“As a father shows compassion to his children, so the Lord shows compassion to those who fear him.” (Psalm 103:13)
This month’s prayer theme has been suggested by one of our family at Newbury, prompted by a recent exhortation by Bro. John Vickers which some of you will remember. It seems really appropriate just now, as we are moved every day by reports of a world that is suﬀering – from disease, from poverty, racial injustice, fear and frustration … and the daily problems we experience too in our church family.
When our Lord Jesus saw people suﬀering, we’re told
“he was moved with compassion”
for them (e.g. Matthew 9:36). This is said of Jesus several times in the gospels, and the word used was a remarkable one (‘splagchnizomai’ – and no, I don’t know how you pronounce it either!).
Apparently, it isn’t a word that is found in classical Greek, and it may have been specially made up by the gospel writers to describe how Jesus reacted. It literally means that feeling at the pit of your stomach when you are physically aﬀected by pity and sorrow. It is expressive of the deepest emotion.
There are at least nine occasions in the gospels when we read of Jesus feeling compassion — towards individuals, like the leper, or the widow in Nain whose only son had just died, leaving her without support; or towards whole crowds, who were so desperate to hear his teaching that they followed him until they were exhausted and famished. In response, he healed, he raised the dead, he provided food. In the parables he told, a despised Samaritan has compassion on the traveller who has been attacked by thieves and takes care of him, and (most movingly of all) the Father who so loves the ungrateful son who has deserted him that he is constantly watching for him, races to meet him on his return home, and throws a feast.
Compassion is more than sympathy, more even than empathy, isn’t it?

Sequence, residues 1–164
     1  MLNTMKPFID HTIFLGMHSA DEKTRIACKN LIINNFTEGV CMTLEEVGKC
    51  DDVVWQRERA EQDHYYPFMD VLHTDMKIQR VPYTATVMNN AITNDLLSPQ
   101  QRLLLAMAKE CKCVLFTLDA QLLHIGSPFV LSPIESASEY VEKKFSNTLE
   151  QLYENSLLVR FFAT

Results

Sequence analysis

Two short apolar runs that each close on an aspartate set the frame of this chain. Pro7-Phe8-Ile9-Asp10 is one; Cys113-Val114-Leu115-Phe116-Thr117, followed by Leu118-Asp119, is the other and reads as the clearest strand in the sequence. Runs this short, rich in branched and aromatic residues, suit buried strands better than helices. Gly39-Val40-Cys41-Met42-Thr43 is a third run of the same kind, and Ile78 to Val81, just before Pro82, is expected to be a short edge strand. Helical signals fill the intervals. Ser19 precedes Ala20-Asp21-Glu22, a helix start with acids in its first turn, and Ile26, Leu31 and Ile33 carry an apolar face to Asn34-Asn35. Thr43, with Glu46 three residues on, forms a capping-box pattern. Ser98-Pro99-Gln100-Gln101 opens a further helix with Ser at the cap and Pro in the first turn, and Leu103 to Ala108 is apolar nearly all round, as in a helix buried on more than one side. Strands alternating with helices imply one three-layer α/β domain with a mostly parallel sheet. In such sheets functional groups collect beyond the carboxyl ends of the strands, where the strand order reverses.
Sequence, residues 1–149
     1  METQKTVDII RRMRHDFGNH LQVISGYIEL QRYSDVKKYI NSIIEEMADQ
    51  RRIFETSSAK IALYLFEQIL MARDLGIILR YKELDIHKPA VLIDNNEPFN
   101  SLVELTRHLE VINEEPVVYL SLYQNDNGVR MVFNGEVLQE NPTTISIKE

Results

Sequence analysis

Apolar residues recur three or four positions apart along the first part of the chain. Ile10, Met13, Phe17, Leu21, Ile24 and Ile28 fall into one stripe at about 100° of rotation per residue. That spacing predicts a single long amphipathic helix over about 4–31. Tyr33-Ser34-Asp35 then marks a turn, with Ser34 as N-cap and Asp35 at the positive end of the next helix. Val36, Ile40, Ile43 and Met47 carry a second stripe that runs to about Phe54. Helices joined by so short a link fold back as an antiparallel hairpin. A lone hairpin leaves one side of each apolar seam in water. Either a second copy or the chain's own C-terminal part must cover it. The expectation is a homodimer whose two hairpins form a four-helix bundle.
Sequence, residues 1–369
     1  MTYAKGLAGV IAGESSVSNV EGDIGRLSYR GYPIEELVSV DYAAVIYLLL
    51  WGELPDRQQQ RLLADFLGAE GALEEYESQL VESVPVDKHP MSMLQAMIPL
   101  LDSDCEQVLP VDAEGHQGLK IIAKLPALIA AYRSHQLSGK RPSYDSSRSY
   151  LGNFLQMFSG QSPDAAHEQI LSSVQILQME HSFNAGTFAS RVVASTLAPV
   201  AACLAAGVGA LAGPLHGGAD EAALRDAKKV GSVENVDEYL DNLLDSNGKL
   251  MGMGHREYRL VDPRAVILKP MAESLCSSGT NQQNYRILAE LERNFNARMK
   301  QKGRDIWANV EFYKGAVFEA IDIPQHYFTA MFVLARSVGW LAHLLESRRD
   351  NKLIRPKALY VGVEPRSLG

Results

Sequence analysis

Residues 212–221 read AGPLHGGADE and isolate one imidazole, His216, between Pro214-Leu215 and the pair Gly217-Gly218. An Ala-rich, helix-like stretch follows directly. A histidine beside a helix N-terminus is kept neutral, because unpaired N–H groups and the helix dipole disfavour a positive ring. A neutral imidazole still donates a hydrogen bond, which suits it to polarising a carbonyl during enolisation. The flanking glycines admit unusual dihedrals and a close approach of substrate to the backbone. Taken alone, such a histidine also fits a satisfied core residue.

It’s about action. It’s about seeing a need and doing something about it, as Jesus did. As the Father does.
“If a brother or sister is poorly clothed and lacking in daily food, and one of you says to them,
“Go in peace, be warmed and ﬁlled,”
without giving them the things needed for the body, what good is that? (James 2:15-16)
“When he saw, he was moved with compassion …”
Do we see the need? Or do we sometimes choose not to see, so that we’re not put in a position where we have to do something? It all depends where we’re looking, doesn’t it? Do we just zero in on our own lives, our own immediate concerns? Or do we look up and out, taking time to see the needs of those outside our own circle, particularly those on the margins?
If we do see the hurt, the suﬀering, the loneliness – whatever the need is – do we feel moved by compassion to take action?
That is clearly what we are called to do, to show the uttermost compassion in our actions towards our brothers and sisters, and to our neighbours, our fellow travellers on the Jericho road. Jesus gave his all, in love for all of us. Are we showing his kind of compassion, as we try to follow his example?
Let’s pray this month that we too will see the needs of others, and that we will be moved by compassion to take action to help in whatever way we can.
“Put on, then, as God’s chosen ones, holy and beloved, compassionate hearts, kindness, humility, meekness and patience, bearing with one another and … forgiving each other; as the Lord has forgiven you, so you also must forgive.” (Colossians 3:12-13)